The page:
Foreign Minister Marise Payne has called on China not to conflate trade issues with a diplomatic spat over an international coronavirus inquiry.
The World Health Assembly has adopted a resolution to establish the global investigation in Geneva with the support of 137 nations.
Australia has declared the inquiry has a clear mandate to look at the origins of the virus, an issue that sparked a deepening rift with China.
Bloomberg reports Chinese officials are considering stricter checks for some seafood, oats and fruit, and state media could encourage consumer boycotts.
Senator Payne said Australian exports would always comply with other countries’ rules.
“We would be disappointed if there was any process of conflating these issues,” she told ABC radio on Wednesday.
“We deal with the trade issues on their merits as they stand.
“We will engage respectfully. Most importantly though, we will always protect Australia’s national interest.”
China has slapped an 80 per cent tariff on Australian barley and banned imports from four major abattoirs as relations soured between the two nations.
The inquiry resolution does not mention China, instead committing to an impartial, independent and comprehensive evaluation of the pandemic.
China eventually supported the European Union motion after weeks of anger towards Australia over its push for an inquiry.
Senator Payne last month warned the World Health Organisation leading the investigation would be “a bit poacher and gamekeeper”.
But she is now comfortable with the organisation’s independent oversight advisory committee conducting the inquiry.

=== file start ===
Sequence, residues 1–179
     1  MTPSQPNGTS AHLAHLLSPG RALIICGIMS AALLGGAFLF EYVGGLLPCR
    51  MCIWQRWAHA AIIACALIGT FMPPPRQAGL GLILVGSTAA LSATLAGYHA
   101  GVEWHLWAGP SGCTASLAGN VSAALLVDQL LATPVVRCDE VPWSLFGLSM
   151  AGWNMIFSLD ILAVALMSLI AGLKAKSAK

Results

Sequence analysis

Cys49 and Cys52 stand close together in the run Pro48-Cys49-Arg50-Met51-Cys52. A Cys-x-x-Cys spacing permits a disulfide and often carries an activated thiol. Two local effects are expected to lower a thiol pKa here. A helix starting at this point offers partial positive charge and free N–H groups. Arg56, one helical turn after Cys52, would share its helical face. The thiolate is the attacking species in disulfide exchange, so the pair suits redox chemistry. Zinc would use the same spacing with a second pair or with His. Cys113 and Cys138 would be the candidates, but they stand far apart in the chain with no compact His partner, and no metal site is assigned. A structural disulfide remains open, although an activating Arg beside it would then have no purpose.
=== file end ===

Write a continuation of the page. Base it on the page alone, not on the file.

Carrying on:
“They serve in their personal (capacity). They are not, if you like part, of the WHO structure.”
China escalated its war of words with Australia on Tuesday, rejecting Australia’s claims the inquiry vindicated the government’s stance.
“The draft resolution on COVID-19 to be adopted by the World Health Assembly is totally different from Australia’s proposal of an independent international review,” an embassy spokesman told AAP.
“To claim the WHA’s resolution a vindication of Australia’s call is nothing but a joke.”
Trade Minister Simon Birmingham said coronavirus, which has claimed millions of jobs and hundreds of thousands of lives globally, should be taken more seriously.
“Australia is not going to engage in cheap politicking over an issue as important as COVID-19,” he told Sky News.
“I would have thought the appropriate response from China’s ambassador in Australia would have been to welcome these outcomes.”
Agriculture Minister David Littleproud said Australia would appeal the barley decision directly with China before launching action at the World Trade Organisation.
“We believe we have a very strong case in which to prosecute that Australian barley farmers are not subsidised and have not dumped barley into China,” he told the Seven Network.
“If that fails, then obviously we will reserve our right and likely pursue the opportunity to take it to the WTO.”